“Life”, and its male lead Damian Lewis, are goddamn fantastic, which probably translates into the show having a very short shelf life on network TV. Shows this good just don’t last, which speaks more to the crappy taste of the American TV public than to the cast and crew of “Life.” Then again, Charlie Crews could exist in that special bubble that allows for unique characters like Doctor Gregory House on FOX’s hit “House”, so who knows, maybe my pessimism about the show’s future is unwarranted. I certainly hope so.
Damian Lewis is Charlie Crews, a police officer wrongly convicted of a murder he did not commit. After a 12-year stint in prison, a sentence filled with solitary confinement, frequent trips to the infirmary, and 100s of stitches courtesy of his fellow inmates (cops don’t do prison time in peace, in case you were wondering), Charlie has been released from prison when evidence exonerates him. He did not do it, but someone sure wanted to make it seem like he did. Prison took 12 years from Charlie’s life, his badge, his wife, and nearly his sanity; but while in prison, he discovered Zen meditation, and now back on the streets (courtesy of a major civil suit settlement with the LAPD) and back on the force, Charlie Crews is determined to do his job as a cop — while trying to find the people who framed him.
As the pilot opens, it is Charlie’s first day back on the force, and he’s just been tagged with a new partner in the no-nonsense Dani Reese (Sarah Shahi), who is none too happy about her “promotion”. Their first case together involves a young boy murdered under a bridge, and the only witness is the boy’s dog. The progressions Charlie and Dani goes through to solve the case has less to do with the murder than it does Charlie’s philosophy and Dani’s baggage. Rand Ravich’s script pops, and co-stars Lewis and Shahi bounces off each other effortlessly.
We also meet Charlie’s small circle of friends: his lawyer, the beautiful Constance Griffith (Brooke Langton), with whom Charlie shares a perspective all their own; his friend Ted Early (Adam Arkin), a former ex-con whose life Charlie saved when the two were in prison, and who now runs Charlie’s settlement money; and there’s Charlie’s ex-wife Jennifer (Jennifer Siebel), who we see in interview segments, one of the pilot’s conceit to introduce us to Charlie’s history and frame job. In a funny bit, Charlie leaves behind his Zen momentarily when he chases down and tickets his ex-wife’s new husband for improper lane changing.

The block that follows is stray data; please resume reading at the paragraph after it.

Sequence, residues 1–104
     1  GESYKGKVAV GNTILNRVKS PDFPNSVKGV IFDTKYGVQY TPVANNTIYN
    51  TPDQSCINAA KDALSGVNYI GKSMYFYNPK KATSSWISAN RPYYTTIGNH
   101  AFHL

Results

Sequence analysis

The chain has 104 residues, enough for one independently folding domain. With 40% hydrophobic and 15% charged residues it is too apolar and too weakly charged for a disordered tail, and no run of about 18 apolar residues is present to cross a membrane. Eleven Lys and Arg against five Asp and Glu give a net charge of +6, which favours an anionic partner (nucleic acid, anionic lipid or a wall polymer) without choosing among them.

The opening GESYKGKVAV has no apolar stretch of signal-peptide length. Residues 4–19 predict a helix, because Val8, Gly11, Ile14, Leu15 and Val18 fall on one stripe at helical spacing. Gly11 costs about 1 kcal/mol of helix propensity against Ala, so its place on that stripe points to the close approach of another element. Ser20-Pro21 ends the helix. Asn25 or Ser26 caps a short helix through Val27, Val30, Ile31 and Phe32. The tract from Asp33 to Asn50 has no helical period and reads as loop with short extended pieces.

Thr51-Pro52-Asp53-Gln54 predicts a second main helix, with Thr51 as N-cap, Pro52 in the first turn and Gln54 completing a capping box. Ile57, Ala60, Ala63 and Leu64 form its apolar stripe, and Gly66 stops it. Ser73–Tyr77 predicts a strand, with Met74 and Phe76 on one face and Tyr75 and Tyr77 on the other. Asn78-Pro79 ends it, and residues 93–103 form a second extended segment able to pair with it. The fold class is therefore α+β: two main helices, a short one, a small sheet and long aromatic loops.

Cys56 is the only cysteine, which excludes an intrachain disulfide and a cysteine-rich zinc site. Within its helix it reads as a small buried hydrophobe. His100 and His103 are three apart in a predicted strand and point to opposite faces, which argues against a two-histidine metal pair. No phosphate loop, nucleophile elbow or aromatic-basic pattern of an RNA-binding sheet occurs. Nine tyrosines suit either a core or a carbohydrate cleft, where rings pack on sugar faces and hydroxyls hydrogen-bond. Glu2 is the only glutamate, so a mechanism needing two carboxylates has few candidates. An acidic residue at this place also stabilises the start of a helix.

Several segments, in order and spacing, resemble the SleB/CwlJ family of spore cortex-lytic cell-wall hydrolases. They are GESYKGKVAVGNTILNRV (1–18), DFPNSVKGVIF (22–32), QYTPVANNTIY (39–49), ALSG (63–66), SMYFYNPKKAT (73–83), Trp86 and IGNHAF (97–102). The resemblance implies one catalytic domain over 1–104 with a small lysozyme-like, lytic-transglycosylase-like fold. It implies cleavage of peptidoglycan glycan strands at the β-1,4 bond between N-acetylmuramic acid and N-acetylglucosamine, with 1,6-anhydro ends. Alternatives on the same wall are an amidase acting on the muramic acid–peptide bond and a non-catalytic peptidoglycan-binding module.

Charlie seems to have survived his 12-year prison stint in relatively good shape. He talks in Zen riddles, seems uninhibited, and breaks police regulations on a whim. It drives Dani Reese crazy, but also provides the show with a lot of comedy. The pilot works because Damian Lewis as Charlie Crews works. Sarah Shahi’s character also helps “Life” detour from the usual grind of cop shows. These two are very complex individuals, and their separate histories should prove interesting to explore.
And who exactly framed Charlie, and why? Those are questions for another day. Charlie will tell you he’s left it all behind him, but he’s lying…
David Semel (director) / Rand Ravich (screenplay)
CAST: Damian Lewis … Charlie Crews
Sarah Shahi … Dani Reese
Brooke Langton … Constance Griffith
Jennifer Siebel … Jennifer Conover
Matt Gerald … Krebbs
Adam Arkin … Ted Early